The tradition has also been an inspiration for visual artists, as well, including El Paso artist Candy Mayer, who has featured these dancers in various works.
“All artists are drawn to the vibrant colors of the beautiful costumes and the movement of the dancers,” Mayer said. “I love all the details of the women’s dresses and have used them in my Día de los Muertos work ... dancing skeletons are so much fun!”
The stories that last
Like most forms of dance, folklórico not only paints a picture of the look and sound of a region, it tells its stories.
Jaime Carrasco, founder and director of Ballet Folklórico Quetzales, stressed the importance music plays in the Mexican culture.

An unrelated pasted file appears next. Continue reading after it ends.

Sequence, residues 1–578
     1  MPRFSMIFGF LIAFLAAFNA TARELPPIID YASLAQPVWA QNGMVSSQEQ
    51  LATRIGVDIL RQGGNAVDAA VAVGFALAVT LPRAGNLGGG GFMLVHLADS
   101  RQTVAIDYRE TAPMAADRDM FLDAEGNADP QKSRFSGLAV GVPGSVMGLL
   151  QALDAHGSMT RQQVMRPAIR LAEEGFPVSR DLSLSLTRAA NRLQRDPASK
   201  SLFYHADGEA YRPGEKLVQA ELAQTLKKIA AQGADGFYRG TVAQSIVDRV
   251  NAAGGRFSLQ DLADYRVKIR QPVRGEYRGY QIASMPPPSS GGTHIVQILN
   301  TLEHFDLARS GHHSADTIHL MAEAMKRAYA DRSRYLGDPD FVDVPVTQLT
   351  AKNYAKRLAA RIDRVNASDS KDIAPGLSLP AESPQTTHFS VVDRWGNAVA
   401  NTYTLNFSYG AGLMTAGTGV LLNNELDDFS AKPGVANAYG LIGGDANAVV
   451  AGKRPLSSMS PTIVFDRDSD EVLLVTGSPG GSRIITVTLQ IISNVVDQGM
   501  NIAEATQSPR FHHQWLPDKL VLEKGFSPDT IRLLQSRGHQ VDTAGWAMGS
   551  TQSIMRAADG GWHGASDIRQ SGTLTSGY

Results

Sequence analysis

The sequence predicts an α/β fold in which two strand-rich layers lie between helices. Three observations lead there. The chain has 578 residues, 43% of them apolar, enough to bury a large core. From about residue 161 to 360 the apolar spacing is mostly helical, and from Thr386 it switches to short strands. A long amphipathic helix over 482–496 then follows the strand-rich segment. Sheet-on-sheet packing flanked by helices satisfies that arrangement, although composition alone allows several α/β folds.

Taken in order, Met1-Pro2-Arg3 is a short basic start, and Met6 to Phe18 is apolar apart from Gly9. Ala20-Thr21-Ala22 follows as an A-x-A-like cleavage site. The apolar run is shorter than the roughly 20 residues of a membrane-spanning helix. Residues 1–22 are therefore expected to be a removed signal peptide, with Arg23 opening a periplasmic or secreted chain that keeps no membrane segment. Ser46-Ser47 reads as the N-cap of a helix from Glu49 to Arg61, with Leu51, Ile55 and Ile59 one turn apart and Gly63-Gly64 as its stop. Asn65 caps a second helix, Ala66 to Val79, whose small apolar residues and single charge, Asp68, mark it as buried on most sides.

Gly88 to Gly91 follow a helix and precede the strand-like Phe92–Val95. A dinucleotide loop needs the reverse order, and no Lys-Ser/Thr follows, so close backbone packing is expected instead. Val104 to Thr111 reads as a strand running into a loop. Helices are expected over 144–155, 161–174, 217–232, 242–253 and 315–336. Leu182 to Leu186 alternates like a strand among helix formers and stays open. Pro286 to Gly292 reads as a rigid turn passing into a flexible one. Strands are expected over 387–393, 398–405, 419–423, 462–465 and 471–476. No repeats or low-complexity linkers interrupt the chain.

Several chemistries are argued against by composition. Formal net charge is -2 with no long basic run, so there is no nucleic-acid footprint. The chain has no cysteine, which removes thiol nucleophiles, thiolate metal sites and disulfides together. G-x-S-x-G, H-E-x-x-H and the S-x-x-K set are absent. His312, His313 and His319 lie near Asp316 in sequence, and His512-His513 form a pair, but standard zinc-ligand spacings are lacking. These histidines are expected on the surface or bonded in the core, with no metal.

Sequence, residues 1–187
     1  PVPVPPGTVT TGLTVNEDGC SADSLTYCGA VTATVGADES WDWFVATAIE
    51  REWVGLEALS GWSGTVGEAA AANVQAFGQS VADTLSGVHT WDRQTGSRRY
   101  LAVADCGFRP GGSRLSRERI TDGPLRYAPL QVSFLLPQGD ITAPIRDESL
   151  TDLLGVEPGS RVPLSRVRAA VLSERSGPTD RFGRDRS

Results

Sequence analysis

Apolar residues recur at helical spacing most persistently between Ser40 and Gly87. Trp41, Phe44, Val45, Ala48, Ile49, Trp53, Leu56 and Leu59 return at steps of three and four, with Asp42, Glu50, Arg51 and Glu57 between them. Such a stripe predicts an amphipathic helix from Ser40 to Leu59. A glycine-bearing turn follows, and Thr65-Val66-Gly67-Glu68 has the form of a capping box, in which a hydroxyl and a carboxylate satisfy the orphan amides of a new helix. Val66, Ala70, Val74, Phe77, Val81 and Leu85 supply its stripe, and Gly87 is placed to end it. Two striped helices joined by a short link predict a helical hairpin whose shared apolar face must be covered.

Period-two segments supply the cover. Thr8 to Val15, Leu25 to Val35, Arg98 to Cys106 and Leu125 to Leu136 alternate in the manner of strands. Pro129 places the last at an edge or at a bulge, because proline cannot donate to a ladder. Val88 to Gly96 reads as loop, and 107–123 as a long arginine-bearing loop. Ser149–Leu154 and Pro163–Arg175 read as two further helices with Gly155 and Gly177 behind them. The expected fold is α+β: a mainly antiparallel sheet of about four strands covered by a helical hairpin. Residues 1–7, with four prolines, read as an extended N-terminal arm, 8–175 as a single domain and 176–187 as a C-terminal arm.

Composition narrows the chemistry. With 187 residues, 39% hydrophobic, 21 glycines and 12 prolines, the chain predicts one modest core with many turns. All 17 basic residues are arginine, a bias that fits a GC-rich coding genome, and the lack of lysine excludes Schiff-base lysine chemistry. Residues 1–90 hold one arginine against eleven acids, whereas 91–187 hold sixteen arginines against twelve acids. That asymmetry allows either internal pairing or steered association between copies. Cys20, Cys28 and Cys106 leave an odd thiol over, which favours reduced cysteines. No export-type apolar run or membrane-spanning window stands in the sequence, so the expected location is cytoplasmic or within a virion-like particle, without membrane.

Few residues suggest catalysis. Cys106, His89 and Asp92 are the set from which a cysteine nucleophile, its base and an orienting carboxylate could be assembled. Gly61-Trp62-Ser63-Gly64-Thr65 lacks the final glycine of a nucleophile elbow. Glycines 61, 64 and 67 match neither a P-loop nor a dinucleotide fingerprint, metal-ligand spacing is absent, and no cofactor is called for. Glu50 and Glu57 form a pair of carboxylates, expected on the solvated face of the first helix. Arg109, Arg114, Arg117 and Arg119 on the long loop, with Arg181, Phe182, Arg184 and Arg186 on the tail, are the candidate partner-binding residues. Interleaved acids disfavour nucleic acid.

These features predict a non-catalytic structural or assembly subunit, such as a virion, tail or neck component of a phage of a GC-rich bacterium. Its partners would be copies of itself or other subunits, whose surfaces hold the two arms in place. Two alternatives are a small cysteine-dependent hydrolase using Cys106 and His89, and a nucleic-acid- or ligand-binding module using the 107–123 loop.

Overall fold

“The music involves a lot of aspects of our culture, the different instruments that are played, the style, the region they belonged to, and especially the lyrics; they all recount a different story every time you listen to them,” he said, “and every single time you hear that music is a new journey and learning process.”
Alfaro explained knowing the significance of each story is as much a part of learning the dances as the steps themselves.
“With folklórico, there is so much significance behind each story,” he said “Not only do I share the dances and the movements with my students, but the history behind it.”
He said people who might not be familiar with folklórico dance might wonder what some of the visual symbols mean. What does the man in the mask have to do with the fishes in one dance? Why are the women carrying pineapple in one dance, and balancing bottles on their heads in another?
Alfaro said everything in folklórico isn’t just there for decoration, there is symbolism and a storytelling aspect to it all.